Patriarch Sviatoslav in EdmontonMarch 19th, 2013
In relation to my last post, I want to tell a quick story about Major Archbishop Sviatoslav Shevchuk coming to Edmonton last June (technically, he doesn’t have the title “Patriarch”). There was no way I’d miss a chance to assist at a Pontifical Divine Liturgy with the head of the Ukrainian Catholic Church. I, of course, went real early to pray. OK, I really went early to get a good seat that would give me the possibility of receiving Communion from His Beatitude. It turned out that he didn’t distribute Communion to the congregation, but I’m very glad I went early, and not just to pray.
As I was praying, a couple guys came in that had the same kind of hair as me, only they were dressed all in black. One of them went and spoke to one of the priests, who then went into the sacristy to enter the sanctuary and proceeded to open the Royal Doors in the iconostasis to let the other man in black enter the sanctuary.
At that time, I knew exactly who this other man in black was: he was an orthodox bishop, presumably of the Western Eparchy of the Ukrainian Orthodox Church of Canada. I thought this was so beautiful (that’s a bit of a pun as those doors in the iconostasis are also called the Beautiful Gate). Not only did he come to Major Archbishop Sviatoslav’s Pontifical Divine Liturgy, his authority as bishop was fulling recognized by opening the Holy Doors for him. Only bishops are permitted to go through these doors outside of the Divine Liturgy, and even then, only those when it is prescribed by the liturgical rubrics.
Obviously, he couldn’t take part in the Divine Liturgy or receive Communion due to the present disunity between our churches (none of which is doctrinal), but Major Archbishop Sviatoslav not only acknowledge him at the end of the Divine Liturgy, His Beatitude invited him to join the recessional. Before doing this, His Beatitude spoke what I assume were some very nice words about their two churches. I don’t actually know what he said because it was all in Ukrainian.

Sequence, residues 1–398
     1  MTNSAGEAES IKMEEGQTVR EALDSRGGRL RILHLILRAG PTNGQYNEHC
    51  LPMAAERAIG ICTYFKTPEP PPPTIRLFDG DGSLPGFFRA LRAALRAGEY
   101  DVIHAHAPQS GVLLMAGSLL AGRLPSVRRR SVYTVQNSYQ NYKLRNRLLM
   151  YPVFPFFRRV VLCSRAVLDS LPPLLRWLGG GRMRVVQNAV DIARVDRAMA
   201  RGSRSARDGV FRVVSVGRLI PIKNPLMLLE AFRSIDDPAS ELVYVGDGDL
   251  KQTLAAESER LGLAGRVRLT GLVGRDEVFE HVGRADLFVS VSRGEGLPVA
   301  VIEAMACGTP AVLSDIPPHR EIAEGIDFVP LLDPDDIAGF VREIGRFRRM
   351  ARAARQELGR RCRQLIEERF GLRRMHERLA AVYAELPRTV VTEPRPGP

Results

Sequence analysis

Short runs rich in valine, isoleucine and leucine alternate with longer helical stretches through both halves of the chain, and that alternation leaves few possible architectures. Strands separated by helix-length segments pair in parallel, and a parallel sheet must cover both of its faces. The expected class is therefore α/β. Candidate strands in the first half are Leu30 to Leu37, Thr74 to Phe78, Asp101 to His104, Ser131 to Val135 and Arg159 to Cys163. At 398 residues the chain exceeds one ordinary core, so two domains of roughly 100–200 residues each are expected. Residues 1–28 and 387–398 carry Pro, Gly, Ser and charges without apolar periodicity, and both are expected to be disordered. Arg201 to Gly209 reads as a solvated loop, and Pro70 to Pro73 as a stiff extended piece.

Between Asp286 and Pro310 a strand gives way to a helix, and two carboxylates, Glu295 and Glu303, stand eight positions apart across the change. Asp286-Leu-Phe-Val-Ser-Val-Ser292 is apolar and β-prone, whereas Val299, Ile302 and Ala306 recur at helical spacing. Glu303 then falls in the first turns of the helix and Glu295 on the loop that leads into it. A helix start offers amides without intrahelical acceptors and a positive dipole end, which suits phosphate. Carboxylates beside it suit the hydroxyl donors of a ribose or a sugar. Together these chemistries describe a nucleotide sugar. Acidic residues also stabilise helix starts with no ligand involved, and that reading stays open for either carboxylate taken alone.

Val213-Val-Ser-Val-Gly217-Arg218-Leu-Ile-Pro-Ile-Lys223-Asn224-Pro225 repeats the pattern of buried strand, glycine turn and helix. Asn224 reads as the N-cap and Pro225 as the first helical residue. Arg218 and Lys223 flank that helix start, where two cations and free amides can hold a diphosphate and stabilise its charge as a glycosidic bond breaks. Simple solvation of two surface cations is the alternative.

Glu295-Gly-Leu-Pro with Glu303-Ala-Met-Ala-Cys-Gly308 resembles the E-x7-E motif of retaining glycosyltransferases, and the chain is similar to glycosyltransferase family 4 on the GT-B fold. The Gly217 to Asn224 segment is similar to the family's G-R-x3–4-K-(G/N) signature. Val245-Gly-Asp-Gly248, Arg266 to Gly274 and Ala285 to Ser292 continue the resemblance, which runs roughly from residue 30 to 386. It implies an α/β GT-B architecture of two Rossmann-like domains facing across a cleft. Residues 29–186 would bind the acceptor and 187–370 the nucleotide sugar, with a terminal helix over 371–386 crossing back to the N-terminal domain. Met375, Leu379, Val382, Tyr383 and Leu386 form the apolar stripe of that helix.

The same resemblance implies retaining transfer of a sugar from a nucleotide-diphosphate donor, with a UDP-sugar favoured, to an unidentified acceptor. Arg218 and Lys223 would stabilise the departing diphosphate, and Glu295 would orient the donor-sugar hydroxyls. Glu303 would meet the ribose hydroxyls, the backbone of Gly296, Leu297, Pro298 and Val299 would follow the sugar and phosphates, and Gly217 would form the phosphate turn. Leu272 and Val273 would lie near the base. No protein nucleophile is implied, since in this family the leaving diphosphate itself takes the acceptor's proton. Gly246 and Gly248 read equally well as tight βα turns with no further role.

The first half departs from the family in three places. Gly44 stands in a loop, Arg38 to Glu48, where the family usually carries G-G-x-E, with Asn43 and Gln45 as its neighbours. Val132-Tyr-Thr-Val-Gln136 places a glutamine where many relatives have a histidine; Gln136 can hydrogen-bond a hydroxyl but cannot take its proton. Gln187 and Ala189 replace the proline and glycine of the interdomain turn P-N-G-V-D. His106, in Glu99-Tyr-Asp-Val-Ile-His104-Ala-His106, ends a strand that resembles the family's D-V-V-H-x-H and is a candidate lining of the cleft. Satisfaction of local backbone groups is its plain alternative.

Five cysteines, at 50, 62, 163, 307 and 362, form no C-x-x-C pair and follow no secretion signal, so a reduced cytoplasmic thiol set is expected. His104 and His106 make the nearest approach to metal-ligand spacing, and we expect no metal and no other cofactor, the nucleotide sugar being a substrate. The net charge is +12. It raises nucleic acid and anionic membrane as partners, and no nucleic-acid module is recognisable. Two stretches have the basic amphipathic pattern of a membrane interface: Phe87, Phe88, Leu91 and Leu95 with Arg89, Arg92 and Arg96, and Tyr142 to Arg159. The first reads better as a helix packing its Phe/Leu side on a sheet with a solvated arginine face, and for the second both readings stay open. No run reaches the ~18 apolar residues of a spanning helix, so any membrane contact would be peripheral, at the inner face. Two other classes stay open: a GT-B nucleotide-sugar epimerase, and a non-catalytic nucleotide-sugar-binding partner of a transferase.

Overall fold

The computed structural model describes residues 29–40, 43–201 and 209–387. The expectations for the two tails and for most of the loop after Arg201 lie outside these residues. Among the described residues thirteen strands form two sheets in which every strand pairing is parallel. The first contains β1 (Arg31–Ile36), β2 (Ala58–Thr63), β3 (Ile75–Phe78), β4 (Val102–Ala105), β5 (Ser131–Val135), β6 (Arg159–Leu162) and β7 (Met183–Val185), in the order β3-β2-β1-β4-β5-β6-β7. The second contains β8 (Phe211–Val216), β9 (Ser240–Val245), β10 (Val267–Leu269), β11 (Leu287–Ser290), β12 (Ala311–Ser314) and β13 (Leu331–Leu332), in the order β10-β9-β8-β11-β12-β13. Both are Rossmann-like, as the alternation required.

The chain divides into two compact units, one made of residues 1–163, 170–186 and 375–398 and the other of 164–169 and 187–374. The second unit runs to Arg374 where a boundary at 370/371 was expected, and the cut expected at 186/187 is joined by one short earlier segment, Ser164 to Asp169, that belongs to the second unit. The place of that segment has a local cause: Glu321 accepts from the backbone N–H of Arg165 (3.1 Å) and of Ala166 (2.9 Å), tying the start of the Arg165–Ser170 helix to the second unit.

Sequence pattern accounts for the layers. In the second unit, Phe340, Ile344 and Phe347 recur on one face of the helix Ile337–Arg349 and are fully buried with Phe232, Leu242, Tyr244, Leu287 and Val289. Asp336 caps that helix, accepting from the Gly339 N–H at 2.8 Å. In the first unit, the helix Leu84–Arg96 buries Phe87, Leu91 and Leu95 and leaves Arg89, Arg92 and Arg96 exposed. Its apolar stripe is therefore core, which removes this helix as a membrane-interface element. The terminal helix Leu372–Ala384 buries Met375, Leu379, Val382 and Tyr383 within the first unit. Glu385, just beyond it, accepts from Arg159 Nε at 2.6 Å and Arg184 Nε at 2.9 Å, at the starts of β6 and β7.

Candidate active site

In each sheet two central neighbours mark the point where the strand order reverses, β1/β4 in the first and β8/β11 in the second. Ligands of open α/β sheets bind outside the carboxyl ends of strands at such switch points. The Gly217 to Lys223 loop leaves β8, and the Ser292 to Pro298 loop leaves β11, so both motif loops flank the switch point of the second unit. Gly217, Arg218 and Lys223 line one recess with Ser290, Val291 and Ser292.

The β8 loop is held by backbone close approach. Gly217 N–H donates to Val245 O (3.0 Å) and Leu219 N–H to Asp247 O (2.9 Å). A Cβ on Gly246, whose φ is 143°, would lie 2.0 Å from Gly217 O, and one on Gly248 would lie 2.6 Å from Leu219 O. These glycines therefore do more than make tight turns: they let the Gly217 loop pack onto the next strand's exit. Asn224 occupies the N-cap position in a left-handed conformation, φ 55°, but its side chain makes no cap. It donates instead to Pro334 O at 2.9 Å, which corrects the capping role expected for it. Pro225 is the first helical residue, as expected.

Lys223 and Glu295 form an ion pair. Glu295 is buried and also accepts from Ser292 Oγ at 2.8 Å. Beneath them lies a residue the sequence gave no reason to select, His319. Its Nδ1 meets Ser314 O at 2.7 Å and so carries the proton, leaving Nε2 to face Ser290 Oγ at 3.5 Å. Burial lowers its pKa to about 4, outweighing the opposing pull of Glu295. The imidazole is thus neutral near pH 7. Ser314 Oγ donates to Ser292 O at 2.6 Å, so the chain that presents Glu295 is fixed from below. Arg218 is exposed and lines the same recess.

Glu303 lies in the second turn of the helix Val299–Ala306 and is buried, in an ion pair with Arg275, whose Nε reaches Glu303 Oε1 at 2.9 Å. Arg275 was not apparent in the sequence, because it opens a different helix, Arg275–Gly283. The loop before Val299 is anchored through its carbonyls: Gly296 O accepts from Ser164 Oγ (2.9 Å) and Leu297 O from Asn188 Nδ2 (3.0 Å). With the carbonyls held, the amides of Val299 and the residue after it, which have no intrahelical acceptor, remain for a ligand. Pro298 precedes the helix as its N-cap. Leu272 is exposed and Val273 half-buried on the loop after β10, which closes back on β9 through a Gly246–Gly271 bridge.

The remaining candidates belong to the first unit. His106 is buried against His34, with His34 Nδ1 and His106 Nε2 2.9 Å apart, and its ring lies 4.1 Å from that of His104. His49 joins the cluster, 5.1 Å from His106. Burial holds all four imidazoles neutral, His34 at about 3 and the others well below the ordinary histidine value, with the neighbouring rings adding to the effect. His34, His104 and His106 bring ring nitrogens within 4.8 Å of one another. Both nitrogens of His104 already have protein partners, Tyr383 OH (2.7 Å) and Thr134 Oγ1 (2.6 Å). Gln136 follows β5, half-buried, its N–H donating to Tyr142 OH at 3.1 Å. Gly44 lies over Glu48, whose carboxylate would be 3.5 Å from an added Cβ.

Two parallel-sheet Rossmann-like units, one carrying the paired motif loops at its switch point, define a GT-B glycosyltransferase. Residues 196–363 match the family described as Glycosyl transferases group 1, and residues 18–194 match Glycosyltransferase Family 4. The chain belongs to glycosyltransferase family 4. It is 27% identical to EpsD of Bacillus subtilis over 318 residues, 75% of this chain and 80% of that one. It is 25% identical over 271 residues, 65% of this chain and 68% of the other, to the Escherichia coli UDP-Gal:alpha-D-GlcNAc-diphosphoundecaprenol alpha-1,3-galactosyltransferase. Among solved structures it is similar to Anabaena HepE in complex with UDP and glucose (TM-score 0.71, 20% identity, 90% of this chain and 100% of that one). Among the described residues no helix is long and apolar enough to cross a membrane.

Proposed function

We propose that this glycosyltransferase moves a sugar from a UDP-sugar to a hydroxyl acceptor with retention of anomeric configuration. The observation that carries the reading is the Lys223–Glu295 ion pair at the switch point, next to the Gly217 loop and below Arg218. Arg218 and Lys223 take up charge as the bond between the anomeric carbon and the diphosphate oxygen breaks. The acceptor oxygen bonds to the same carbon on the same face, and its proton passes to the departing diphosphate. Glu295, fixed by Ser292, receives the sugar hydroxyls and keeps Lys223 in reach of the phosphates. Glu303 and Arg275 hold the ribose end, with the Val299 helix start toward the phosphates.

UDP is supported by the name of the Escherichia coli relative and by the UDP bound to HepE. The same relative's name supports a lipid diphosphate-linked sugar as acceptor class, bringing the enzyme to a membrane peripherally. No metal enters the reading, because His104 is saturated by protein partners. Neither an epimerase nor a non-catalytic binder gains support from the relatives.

As a Roman Catholic, this was a very moving experience. It must have been even more so for the Ukrainian Catholics.
When asked if he would like to meet with Patriarch Kirill of Moscow, Major Archbishop Sviatoslav said:
I would like very much to visit him and hold a personal meeting with him. I am convinced that in peacefully and openly communicating with each other, we can relieve any tension.
Our church has voiced its readiness and openness for a dialogue ever since it emerged from the underground. I remember how Patriarch Ivan Lubachivskyi, who ordained me, after he moved to Ukraine, said: ‘We forgive and ask for forgiveness.’ It was a very deep call to reconciliation on his part. It was in the 1990s, at the time of the strongest confrontation, particularly in western Ukraine. There was the will for reconciliation on our part. Later, His Beatitude Lubomyr confirmed and repeated the same in the presence of Pope John Paul II who visited Ukraine.
I think that today, we should heal the wounds rather than irritate and deepen them. One can heal the wounds of our memory only with mutual forgiveness. Therefore, as for any our brethren or neighbors who wounded us or were wounded by us, the best way to communicate is to be open in a brotherly dialogue, be open to the purification of our memory, to ask for forgiveness and to forgive.RISU 1 April 2011